The point I was getting at is nobody seems all worked up about the fact that the guy "examined" the 9-11 narrative.

Jay said...

This guy is free to teach or blog about whatever suits his fancy.

The "trend" that I hate is the faux outrage.

This was all over Twitter today with people rushing to prove how much they care about the children by Tweeting how outrageous the guy is.

EMD said...

The point I was getting at is nobody seems all worked up about the fact that the guy "examined" the 9-11 narrative.

There were no Little Eichmanns in attendance at Sandy Hook that day?



Bryan C said...

For any theory to be useful it has to be falsifiable. I'm not sure exactly what this guy is alleging, based on the article, but unless he's willing to make specific claims regarding the facts he disputes he's just wasting everyone's time.

The authorities can clear all this up by simply releasing everything they've got about the incident to the public. Radio dispatches, 911 calls, interviews, transcripts, camera footage, etc. I can't think of any valid reason why they'd be permitted to withhold it. Or why they'd want to.

Lem said...

I think the outrage has to do with the professor's qualifier "if the shooting happened at all."

"if God created the heavens and the earth at all" used to be an outrage... but eventually it dies down.

Michael said...

Fine, just don't ask about Benghazi because we aren't going to get to the bottom of that one, maybe not even the top 10%. The more people in government clam up the more a conspiracy (at least of silence) is plausible. Lindsay Graham is gobsmacked at how his requests for information on Benghazi go into the ether. Ignored. Lost. Etc. Where are the survivors of Benghazi and why have we not heard a single peep from them?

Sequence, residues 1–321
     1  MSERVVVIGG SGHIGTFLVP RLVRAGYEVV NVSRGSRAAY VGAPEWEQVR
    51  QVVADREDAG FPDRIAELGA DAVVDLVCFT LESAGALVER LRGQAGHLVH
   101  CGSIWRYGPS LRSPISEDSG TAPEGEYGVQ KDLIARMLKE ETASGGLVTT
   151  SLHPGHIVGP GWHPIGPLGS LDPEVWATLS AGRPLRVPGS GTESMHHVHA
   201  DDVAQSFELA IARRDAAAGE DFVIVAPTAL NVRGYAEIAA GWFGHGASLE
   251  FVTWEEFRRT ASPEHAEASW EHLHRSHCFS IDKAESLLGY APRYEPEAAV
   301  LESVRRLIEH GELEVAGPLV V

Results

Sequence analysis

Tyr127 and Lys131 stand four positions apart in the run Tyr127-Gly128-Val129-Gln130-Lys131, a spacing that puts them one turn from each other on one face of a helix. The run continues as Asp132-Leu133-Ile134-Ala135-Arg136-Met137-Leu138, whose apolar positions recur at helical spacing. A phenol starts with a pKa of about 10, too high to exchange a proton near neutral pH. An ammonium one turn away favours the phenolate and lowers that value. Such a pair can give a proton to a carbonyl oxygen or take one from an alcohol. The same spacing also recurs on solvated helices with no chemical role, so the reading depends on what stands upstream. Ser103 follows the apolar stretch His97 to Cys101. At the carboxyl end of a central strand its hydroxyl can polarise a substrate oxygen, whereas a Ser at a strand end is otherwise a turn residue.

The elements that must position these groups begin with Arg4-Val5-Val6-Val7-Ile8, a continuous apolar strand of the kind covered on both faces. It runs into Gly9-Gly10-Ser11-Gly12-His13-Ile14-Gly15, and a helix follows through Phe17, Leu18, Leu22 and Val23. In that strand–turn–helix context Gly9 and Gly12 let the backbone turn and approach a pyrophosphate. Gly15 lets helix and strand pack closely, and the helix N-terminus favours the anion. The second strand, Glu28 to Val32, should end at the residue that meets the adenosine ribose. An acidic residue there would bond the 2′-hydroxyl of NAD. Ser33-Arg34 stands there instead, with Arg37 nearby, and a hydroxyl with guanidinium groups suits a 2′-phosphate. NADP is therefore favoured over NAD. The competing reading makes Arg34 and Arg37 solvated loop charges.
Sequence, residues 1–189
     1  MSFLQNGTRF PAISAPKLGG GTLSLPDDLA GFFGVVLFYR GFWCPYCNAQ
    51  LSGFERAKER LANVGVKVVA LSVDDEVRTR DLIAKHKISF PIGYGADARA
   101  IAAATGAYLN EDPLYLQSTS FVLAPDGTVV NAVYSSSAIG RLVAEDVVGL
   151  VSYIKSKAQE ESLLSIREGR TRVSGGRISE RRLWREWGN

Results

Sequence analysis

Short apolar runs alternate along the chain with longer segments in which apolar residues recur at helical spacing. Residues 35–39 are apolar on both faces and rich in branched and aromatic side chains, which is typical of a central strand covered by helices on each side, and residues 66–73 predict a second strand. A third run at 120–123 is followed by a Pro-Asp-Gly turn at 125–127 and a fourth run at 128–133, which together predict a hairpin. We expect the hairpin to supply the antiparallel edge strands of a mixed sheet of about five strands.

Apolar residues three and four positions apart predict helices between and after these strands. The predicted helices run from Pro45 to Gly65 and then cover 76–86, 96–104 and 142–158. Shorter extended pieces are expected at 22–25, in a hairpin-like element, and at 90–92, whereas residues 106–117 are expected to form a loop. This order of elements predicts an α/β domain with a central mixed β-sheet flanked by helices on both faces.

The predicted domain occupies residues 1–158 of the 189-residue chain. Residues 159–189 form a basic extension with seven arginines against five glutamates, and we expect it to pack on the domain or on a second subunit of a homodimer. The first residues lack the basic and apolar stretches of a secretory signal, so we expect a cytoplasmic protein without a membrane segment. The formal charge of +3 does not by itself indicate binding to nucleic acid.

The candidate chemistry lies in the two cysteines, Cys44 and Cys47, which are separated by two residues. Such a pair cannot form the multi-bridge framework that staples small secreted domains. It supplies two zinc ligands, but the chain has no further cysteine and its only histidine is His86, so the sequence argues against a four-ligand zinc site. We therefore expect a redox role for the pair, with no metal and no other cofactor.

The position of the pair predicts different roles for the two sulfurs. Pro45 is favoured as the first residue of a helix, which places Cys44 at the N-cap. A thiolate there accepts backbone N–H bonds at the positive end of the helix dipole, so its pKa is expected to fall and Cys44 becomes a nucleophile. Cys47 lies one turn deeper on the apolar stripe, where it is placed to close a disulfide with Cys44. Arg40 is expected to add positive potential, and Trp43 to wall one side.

garage mahal said...

Problem with 9/11 and Benghazi Truthers is they always seem to dig in even deeper when facts are presented.

EMD said...

when facts are presented.

I'm still waiting on some testimony, then I'll let you know.

mccullough said...

There's a difference between looking at how people manipulate actual events to further a politicial agenda and thinking that the actual event was made up to further an agenda.

There's also a difference between studying conspiracy theories and propagating them.

This guy is a conspiracy theorist. That's nuts.

Mitchell the Bat said...

"[I]t's as if talking about the details is equivalent to saying you don't care about the people who were hurt."

There was an episode of the TV version of M*A*S*H where Hawkeye tangles with some Army analyst sent to calculate how many casualties will be coming in after some new offensive.

Hawkeye learns the guy got the numbers spot on and he freaks out and tries to punch the guy out calling him a vulture or a goul or something like that.

That stuck me as a pretty dumb way to see things.

But I guess the idea was that you were supposed to love Hawkeye because he cared.

Marshal said...

Ann Althouse said...
I'm noticing a post-Truther trend to squelch debate by equating io Trutherism.

garage mahal said...
Problem with 9/11 and Benghazi Truthers


Lem said...

Benghazi Truthers?

Hillary has not even testified and we are already prejudging it, insinuating her testimony will be a lie or at least irrelevant?

Nice going Garage.

Tibore said...

Of course it's possible to teach conspiracy theories but not fall for them. I myself think it's productive and instructive to study some subjects - medical research, for example - by including conspiratorial fantasies and seeing how that contrasts with the reality of scientific research. Ditto some elements of history, if only to understand how possible it is for false memes to penetrate the general narrative (that seems to be one of trutherism's, as well as JFK conspiracy theory's - actual accomplishments).

But that being possible doesn't preclude some people falling for it. In James Tracy's case, it appears as though he's actually a conspiracy advocate, not merely a researcher like Cass Sunstein and Adrian Vermeule. If so, the possibility is unfortunately open that Tracy is proselytizing via the classroom.